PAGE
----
It’s about time I tackled some of the riches of the Library of Congress (LC) here. The question: where to begin? I was talking to someone about Thomas Jefferson last week, so why not start with the man who sold his library to the Federal Government after the British burned the congressional library during the War of 1812, thus supplying the foundation for today’s LC? The 1989 edition of Thomas Jefferson’s Library: A Catalog with the Entries in His Own Order restored to public view a unique copy of Jefferson’s personal shelflist, and one with an unusual history. Jefferson had sent along a copy of his personal library’s catalog with the books he sold to the Government, but it has been lost. Later, he asked Nicholas P. Trist, his secretary and future grandson-in-law, to recreate the catalog and its unique arrangement. (Trist later had a controversial career as a diplomat – if I ever find a Government publication concerning him, you’ll hear all about it.) After Jefferson’s death, Trist’s manuscript vanished until 1917, when it turned up in the library of Camp Wheeler in Georgia (talk about gold in your attic!) and was donated to LC, which published it for the first time in this edition.
The Introduction explains the provenance of the manuscript as well as its unusual structure, based on the system developed by Francis Bacon in his The Advancement of Learning. As the editors point out, “To twentieth-century eyes, parts of Jefferson’s classification, may seem puzzling. It is no surprise to find categories such as Modern British History under the broad division of history, but such unexpected subjects as Agriculture, Surgery, and natural History also appear there.” According to Jefferson’s world view, “history” meant all of the known facts about the physical universe, so these topic headings, seemingly so disparate to us, made perfect sense to the 18th century mind.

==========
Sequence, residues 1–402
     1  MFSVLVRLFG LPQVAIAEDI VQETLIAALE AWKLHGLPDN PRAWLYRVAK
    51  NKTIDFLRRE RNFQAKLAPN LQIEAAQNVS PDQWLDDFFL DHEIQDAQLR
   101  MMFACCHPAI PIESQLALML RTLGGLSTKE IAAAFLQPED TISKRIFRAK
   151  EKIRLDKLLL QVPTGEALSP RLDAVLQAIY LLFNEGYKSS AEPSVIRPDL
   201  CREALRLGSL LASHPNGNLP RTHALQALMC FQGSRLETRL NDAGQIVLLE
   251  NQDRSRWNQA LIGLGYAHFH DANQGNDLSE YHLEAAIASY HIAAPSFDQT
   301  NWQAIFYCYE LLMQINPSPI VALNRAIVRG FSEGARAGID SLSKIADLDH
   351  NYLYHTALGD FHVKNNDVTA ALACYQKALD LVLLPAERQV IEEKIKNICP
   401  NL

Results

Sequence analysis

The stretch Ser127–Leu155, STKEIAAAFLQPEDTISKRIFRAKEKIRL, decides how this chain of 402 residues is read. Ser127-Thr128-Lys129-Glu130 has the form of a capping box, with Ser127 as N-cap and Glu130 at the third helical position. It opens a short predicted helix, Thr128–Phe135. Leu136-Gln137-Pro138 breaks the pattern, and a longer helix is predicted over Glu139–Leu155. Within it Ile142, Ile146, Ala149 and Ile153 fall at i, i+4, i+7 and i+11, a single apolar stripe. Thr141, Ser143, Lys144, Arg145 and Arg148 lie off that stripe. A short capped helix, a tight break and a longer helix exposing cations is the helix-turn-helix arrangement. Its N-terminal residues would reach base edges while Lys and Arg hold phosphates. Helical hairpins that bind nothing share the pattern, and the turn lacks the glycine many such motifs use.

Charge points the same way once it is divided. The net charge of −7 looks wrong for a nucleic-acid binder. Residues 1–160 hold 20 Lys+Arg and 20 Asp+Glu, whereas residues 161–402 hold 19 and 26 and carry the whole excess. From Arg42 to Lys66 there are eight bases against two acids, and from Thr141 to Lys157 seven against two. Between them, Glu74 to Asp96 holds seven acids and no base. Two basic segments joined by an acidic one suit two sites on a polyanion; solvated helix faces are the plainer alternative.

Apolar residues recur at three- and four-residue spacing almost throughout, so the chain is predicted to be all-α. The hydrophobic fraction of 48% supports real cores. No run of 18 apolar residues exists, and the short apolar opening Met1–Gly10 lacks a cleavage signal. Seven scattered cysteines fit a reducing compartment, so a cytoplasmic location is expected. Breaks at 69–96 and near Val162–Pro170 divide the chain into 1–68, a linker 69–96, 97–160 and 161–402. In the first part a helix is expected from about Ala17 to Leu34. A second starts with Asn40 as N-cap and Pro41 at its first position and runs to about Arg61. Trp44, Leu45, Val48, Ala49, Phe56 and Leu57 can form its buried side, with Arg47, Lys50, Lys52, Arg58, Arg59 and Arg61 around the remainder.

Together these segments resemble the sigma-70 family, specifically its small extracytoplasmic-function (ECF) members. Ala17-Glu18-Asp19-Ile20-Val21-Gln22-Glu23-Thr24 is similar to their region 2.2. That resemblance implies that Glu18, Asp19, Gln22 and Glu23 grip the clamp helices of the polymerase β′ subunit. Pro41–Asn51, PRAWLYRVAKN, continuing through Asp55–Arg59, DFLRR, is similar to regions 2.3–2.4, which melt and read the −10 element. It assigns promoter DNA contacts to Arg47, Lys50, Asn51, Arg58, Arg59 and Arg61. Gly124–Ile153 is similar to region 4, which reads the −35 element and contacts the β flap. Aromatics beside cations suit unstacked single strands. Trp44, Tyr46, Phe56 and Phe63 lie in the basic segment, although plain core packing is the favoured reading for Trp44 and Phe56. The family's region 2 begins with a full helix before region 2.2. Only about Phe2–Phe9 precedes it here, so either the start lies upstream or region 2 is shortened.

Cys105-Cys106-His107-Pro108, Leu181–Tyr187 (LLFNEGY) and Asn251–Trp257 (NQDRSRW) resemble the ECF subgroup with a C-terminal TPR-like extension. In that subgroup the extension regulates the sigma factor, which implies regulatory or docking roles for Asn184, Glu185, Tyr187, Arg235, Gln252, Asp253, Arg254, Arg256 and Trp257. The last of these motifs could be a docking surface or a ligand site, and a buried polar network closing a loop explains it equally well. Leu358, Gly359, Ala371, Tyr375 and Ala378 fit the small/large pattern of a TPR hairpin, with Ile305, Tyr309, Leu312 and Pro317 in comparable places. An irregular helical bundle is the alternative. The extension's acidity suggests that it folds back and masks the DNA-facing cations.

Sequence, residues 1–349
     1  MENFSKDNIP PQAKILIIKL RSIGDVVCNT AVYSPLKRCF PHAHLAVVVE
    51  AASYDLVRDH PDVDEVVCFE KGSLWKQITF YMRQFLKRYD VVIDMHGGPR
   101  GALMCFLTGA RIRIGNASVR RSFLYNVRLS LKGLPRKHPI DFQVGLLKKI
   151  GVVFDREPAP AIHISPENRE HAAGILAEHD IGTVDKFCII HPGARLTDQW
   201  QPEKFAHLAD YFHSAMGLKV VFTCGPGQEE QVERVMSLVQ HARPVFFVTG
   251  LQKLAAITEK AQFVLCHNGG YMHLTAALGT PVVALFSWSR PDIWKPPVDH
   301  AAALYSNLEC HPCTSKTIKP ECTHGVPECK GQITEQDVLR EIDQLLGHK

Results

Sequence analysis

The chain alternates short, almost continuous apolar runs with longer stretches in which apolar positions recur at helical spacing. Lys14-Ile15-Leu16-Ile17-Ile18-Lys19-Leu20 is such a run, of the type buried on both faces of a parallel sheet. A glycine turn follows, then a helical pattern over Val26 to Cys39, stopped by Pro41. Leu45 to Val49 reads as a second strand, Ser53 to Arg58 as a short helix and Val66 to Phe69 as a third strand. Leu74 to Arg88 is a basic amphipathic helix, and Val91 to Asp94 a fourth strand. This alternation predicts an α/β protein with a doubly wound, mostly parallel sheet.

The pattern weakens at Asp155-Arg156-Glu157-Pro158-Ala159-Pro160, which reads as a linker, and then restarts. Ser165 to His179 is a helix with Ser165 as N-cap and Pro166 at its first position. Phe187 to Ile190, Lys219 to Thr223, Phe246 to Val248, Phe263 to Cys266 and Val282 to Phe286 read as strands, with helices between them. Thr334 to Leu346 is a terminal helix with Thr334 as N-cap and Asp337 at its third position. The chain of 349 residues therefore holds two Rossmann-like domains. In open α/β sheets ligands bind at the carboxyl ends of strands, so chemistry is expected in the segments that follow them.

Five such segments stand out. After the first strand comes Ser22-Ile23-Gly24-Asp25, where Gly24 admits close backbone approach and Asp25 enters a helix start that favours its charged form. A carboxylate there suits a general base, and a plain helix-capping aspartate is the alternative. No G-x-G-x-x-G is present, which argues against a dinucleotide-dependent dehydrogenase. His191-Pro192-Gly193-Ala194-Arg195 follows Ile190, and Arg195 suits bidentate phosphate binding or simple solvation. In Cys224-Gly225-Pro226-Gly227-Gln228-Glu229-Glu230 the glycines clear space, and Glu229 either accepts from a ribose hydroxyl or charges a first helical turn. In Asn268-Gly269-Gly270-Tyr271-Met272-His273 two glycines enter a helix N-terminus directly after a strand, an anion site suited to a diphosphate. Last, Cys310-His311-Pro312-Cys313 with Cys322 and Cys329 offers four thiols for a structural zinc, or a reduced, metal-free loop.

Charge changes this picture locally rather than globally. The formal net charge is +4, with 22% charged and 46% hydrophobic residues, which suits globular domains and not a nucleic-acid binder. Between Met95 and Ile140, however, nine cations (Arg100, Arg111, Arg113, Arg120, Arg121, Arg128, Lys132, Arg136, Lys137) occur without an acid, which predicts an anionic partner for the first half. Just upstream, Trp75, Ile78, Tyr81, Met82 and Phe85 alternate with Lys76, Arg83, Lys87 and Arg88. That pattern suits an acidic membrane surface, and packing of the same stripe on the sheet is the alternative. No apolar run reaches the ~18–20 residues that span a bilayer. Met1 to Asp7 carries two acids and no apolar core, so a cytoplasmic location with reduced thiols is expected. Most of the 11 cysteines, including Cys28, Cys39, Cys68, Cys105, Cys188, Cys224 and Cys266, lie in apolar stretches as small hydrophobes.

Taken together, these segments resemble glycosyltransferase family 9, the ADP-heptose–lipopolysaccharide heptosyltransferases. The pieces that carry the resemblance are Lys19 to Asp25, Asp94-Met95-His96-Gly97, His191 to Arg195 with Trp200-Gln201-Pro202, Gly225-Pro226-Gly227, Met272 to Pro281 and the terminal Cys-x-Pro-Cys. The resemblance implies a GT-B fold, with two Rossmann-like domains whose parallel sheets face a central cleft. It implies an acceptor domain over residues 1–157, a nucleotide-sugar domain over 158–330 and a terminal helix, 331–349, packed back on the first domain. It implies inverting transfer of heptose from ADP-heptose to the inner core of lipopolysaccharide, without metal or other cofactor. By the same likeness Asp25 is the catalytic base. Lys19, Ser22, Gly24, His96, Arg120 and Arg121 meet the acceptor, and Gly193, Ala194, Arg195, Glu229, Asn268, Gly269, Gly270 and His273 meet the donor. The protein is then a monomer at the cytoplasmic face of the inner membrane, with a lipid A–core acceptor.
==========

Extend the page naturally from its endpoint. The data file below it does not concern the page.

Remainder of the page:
Although Jefferson’s methods of library cataloging are of great interest and carefully explained by the editors, my real interest was in Jefferson’s reading habits. Lots of books under Politics, of course – most of the great Enlightenment theorists and reformers are represented, including Cesare Beccaria, that great foe of judicial torture, whom I hold in particular esteem (trivia: his grandson was Alessandro Manzoni, author of I Promessi Sposi, the greatest Italian novel of the 19th century). Speaking of literature, Jefferson owned works by such robust authors as Tobias Smollett (Roderick Random), that most unorthodox clergyman, Laurence Sterne (Tristram Shandy and A Sentimental Journey), and even the somewhat shady Restif de la Bretonne. His poetry interests leaned towards the Greeks and Romans, but he also had a place for Americans like Philip Freneau and Phyllis “Whateley.” As with the rest of his holdings, Jefferson’s collection of literature represents quintessential Enlightenment taste.
As you can tell, browsing through this remarkable catalog is great fun, even as it sheds light on the intellectual roots of our third President. It’s available online from LC and has been reprinted by a private publisher, although without the distinctive faux marbling covers (above). You can also find it in libraries.